Do you think that recording process had an impact on how record sounds, as opposed to how it might have if you were able to make it in the States?
I think the songs are better because we had a few extra months to work on them. We ended up doing it in the late summer, early autumn – rather than in May as we’d initially planned. So I think the songs were in better shape because of that. Also, in a general sense, being in lockdown was good for working on music, because you couldn’t go anywhere or be distracted by anything. That definitely helped. Shutting all the pubs is a good way to keep musicians in check [laughs].
What about the creative dynamic between the four of you in the band? Having to write separately and throw ideas back and forth, did you find that things came together with a different kind of atmosphere than they normally do?
To be honest, we’ve been doing that for a while anyway. Barry [Burns; guitar, piano, synthesiser and vocals] has been living in Berlin for almost ten years, so it was nothing new. It’s a pretty good way to work, to be honest! It would’ve been nice to get together and rehearse as a unit a little sooner, but I’m sure we would’ve played the same amount – it just would’ve been a bit more spread out, rather than doing it all back-to-back… I think we spent a solid three or four weeks hashing these songs out as a band before we recorded.
What did your guitarsenal look like for this particular record?
I used my Fender American Pro Jazzmaster on almost every song. I got that one a couple of years ago, and I’m just kind of obsessed with it. And then maybe on one or two of the heavier songs, I used an early ‘70s Les Paul from my collection. I would say it’s something like 90 percent Jazzmaster, ten percent Les Paul?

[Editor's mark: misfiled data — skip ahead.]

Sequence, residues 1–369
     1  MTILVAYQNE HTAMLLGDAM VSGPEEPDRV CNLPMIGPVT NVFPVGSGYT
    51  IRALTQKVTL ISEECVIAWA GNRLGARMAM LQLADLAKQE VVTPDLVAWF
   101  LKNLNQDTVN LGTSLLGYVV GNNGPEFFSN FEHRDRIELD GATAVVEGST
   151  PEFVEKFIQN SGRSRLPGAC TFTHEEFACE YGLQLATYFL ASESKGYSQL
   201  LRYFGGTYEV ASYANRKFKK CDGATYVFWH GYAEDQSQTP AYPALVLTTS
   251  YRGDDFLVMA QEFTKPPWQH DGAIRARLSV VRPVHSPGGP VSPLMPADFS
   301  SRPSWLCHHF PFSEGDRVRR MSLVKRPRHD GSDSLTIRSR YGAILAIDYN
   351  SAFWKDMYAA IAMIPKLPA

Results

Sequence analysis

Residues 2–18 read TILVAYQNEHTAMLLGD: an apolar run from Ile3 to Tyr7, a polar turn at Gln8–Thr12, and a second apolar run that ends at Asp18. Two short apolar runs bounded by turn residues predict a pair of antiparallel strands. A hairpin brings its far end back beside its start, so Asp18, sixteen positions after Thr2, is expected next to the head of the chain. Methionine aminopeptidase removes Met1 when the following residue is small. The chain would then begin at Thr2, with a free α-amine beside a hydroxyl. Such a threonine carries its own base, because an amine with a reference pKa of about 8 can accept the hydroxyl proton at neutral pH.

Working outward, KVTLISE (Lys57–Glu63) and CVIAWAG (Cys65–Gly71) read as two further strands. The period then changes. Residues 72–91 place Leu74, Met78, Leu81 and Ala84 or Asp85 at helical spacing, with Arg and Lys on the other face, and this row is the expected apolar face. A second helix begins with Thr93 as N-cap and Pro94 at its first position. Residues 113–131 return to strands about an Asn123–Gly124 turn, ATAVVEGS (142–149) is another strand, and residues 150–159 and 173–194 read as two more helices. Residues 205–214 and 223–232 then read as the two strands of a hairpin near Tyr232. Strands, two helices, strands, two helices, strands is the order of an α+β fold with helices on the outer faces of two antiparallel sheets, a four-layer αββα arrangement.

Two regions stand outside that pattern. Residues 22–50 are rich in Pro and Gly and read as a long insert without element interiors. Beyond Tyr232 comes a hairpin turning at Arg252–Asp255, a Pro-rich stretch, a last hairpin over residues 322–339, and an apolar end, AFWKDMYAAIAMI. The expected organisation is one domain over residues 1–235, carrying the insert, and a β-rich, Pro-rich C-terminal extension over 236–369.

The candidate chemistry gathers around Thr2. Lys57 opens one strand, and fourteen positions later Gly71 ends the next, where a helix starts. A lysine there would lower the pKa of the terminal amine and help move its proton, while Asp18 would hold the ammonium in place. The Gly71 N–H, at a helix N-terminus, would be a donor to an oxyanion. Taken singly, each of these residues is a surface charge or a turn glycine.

What is it about the Jazzmaster that’s hooked you in so closely?
I don’t know… It’s just got a really nice neck, and I’m very fond of the tremolo; I’ve never really been a big tremolo guy, but I’m enjoying it on the Jazzmaster. It’s just nice to play. And it’s pretty beefy sounding – it’s got a lot of clarity, but it’s also got a pretty huge roar in it as well. I still love my Telecaster, but now that I’m usually the only person playing the guitar in Mogwai, since the Jazzmaster is a little bigger sounding, it fills in the blanks a bit more.
Since you’re the biggest pedal nerd I know, I have to find out what was on your board.
There was a great reverb delay we got from an Italian company called AC Noises – I can’t remember the name of it, but it’s got a mountain on it [ed’s note: it’s the Respira!]. I used that a lot. I used the Red Panda Particle a lot as well – it’s this pretty f***ing out there, LFO-type thing which was really cool. And then just a lot of the pedals I’m always using, like my DV 50 and Big Muff for fuzz; we got really into this other fuzz, too, the Gamechanger Plasma, which is really great. We took suitcases full of pedals into the studio and just tried them all. Y’know, after a few songs you’ll start to hear what’s sounding really good. The difference between a studio and a rehearsal space is that the amps in a studio are always dimed, whereas in a rehearsal room if you have the amps up too loud, you can’t hear the drums; you can hear certain things a lot better when the amps are up all the way.